Octopuses move with a simple elegance, but they have no rhythm, according to new research.
Each of an octopus's eight arms is soft, flexible and muscular, and acts like it has an infinite number of joints, said the study's lead author, Guy Levy, a postdoctoral researcher of neurobiology at the Hebrew University of Jerusalem. But, until now, scientists have struggled to understand exactly how these marine animals coordinate their complex crawling movements.
To learn more about these brainy creatures' locomotion, the researchers watched videos, frame by frame, of octopuses crawling around water-filled tanks. [8 Crazy Facts About Octopuses]
"The octopus, as usual, surprised us," Levy told Live Science. "We found very unique things that we don't see in other animals."
Octopuses use unique strategies to coordinate their arms while crawling, the researchers found. The cephalopods are bilateral symmetric, which means their left and right sides are mirror images of each other. Most bilateral-symmetric animals face forward when they are moving, with a few notable exceptions, such as the crab, which moves sideways.
But octopuses can crawl in any direction relative to their body orientation, the researchers said. In other words, octopuses don't have to turn their bodies to change direction; one of an octopus's arms can simply push off of a surface and propel the animal any which way, Levy said.
"It simply chooses other arms to push the body, and the direction is changed automatically," he added.
The scientists also found that the octopus moves by shortening and elongating its arms, which creates a pushing thrust. The animal does not move by bending or pulling its arms, which simplifies matters for the creature, Levy said.
"It only has to decide which arms to use, and not how to use them," he said. "It's a very simple solution to a very complicated problem."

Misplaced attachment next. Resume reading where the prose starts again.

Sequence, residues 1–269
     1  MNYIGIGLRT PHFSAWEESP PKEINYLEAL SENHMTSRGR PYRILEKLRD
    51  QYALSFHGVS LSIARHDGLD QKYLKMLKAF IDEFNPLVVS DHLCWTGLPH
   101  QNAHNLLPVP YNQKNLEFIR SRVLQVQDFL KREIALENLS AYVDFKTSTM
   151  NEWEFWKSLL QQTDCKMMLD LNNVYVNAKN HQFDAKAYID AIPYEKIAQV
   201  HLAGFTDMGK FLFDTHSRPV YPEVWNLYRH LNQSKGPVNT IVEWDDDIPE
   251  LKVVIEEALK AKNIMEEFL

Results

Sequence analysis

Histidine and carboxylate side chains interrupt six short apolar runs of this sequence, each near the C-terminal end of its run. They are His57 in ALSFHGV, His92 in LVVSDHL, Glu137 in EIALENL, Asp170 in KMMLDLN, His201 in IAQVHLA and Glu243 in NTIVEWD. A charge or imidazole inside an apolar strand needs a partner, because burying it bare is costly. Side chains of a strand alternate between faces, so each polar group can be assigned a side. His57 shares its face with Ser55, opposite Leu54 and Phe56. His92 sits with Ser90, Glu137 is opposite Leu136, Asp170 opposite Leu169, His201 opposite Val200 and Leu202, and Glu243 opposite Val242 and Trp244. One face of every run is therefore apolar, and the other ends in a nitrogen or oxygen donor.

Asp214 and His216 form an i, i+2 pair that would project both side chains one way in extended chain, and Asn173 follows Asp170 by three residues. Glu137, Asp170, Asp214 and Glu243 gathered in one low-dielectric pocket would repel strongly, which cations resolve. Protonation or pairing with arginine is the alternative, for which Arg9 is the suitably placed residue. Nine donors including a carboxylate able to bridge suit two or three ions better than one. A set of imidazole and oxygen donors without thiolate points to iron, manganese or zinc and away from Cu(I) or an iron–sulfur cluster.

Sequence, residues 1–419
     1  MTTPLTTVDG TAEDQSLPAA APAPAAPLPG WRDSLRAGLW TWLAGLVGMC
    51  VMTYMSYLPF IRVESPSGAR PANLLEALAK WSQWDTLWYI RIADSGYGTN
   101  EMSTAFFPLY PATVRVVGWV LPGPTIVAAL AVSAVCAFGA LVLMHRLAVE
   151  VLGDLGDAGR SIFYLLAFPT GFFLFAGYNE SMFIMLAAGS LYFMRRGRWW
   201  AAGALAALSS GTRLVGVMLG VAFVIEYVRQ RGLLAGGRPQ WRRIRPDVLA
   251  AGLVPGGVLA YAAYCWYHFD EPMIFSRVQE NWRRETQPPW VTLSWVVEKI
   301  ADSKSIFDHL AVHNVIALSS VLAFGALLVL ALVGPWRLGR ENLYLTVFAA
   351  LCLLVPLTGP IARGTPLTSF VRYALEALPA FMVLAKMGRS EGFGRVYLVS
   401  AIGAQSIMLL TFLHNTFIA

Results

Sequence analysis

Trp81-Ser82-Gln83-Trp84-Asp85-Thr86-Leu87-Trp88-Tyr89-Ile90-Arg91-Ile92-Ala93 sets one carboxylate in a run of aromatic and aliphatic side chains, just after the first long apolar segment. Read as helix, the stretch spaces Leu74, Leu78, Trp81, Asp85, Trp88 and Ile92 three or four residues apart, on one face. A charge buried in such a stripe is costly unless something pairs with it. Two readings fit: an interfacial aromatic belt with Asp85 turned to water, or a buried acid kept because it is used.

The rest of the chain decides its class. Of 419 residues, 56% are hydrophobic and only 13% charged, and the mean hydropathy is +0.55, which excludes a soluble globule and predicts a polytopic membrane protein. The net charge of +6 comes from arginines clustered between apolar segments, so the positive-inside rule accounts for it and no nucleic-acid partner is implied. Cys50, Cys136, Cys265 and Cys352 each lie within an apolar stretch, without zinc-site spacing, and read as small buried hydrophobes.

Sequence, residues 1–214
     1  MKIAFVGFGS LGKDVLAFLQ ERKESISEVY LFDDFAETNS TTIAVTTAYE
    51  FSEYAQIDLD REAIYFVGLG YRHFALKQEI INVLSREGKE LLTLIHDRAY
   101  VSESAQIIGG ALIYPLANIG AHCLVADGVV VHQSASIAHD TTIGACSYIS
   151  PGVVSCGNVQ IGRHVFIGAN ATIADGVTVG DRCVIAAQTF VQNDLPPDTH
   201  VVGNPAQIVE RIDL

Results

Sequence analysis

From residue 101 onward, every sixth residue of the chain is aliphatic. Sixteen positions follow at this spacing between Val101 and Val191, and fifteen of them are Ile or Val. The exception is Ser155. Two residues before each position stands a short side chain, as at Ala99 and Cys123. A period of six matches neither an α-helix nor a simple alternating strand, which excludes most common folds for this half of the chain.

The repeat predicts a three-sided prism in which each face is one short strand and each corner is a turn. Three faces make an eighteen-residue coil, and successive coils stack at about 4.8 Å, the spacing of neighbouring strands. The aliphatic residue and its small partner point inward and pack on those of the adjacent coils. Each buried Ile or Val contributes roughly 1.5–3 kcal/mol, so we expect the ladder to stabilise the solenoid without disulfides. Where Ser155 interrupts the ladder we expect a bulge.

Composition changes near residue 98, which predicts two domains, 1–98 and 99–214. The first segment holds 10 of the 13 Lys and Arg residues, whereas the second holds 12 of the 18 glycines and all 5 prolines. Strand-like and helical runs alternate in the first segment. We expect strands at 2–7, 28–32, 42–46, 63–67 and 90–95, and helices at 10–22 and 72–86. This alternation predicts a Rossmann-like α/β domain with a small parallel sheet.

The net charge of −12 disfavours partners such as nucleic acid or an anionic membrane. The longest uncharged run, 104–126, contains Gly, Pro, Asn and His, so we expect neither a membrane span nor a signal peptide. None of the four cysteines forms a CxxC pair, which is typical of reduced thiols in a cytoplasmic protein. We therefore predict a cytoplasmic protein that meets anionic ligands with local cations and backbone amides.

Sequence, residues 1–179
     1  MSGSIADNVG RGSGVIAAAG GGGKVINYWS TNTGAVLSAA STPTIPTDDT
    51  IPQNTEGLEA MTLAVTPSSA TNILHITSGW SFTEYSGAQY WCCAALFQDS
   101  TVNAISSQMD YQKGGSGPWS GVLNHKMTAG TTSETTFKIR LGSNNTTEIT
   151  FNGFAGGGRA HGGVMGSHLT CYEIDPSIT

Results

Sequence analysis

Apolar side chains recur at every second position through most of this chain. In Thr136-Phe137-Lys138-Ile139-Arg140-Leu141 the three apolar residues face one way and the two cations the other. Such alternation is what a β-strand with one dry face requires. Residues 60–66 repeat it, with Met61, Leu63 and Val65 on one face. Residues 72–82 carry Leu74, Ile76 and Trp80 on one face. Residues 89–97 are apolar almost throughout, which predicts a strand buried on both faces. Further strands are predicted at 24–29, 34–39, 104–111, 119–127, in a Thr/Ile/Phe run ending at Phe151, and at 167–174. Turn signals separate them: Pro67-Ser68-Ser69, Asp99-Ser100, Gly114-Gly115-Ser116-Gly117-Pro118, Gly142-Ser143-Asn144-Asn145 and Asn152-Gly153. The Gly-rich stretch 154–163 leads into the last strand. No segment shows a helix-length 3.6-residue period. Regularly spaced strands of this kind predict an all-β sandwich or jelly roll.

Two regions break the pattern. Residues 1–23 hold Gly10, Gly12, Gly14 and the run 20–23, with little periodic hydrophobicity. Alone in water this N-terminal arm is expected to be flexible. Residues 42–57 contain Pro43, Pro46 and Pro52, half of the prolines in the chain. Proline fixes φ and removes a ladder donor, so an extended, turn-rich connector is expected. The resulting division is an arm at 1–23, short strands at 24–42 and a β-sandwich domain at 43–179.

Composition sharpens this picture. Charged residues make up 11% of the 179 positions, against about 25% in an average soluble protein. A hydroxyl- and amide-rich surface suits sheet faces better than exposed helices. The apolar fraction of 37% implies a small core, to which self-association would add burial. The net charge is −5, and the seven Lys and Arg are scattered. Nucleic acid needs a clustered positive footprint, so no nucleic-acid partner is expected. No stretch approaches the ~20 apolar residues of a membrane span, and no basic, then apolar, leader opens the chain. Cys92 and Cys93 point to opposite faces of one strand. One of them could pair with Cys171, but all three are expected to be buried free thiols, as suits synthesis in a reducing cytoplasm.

However, after watching hours of octopus videos, the researchers determined that the octopus has no detectable rhythm. Most animals have a rhythm when they move, such as people who move their legs in a left-right-left pattern. But an octopus has no such rhythm in its coordination, the researchers said.
"So, either there is no pattern, or it's too complicated to identify with the techniques that we used," Levy said.
The researchers did see patterns in individual arms, which would shorten and elongate, but no pattern emerged when the scientists looked at all eight, he added.
It's likely that octopuses developed their unique way of moving because, unlike their clam cousins, they don't have protective outer shells, the researchers said. In fact, the octopus is thought to have evolved from a snail-like ancestor whose foot evolved into eight long and slender arms, giving the animals enormous flexibility. Octopuses also developed excellent vision, a large brain and camouflage capabilities, making them adept hunters.
But octopuses also needed to develop an effective way to move.
According to the new research, "The [octopus's] strategy is simple enough, and it has a small number of parameters, and this is how it succeeds," Levy said.
The results give credence to the concept of "embodied organization." Traditionally, researchers thought that motor-controlled strategies were created to fit the body. But the concept of embodied organization says that motor control and the body evolve together, and respond to environmental pressures that can influence both, the researchers said.
The scientists are using their findings to help engineers create soft robotic arms, Levy said. He and the study's senior author, Binyamin Hochner, a professor at the Hebrew University of Jerusalem, plan to continue their octopus studies. They have already discovered why the creatures don't tie themselves in knots, which would seem to be a danger given all their limbs. They next plan to uncover the neural circuits responsible for the octopus's coordinated crawling, Levy said.
The findings were published online today (April 16) in the Cell Press journal Current Biology.
Live Science newsletter
Stay up to date on the latest science news by signing up for our Essentials newsletter.
Laura is the archaeology and Life's Little Mysteries editor at Live Science. She also reports on general science, including paleontology. Her work has appeared in The New York Times, Scholastic, Popular Science and Spectrum, a site on autism research. She has won multiple awards from the Society of Professional Journalists and the Washington Newspaper Publishers Association for her reporting at a weekly newspaper near Seattle. Laura holds a bachelor's degree in English literature and psychology from Washington University in St. Louis and a master's degree in science writing from NYU.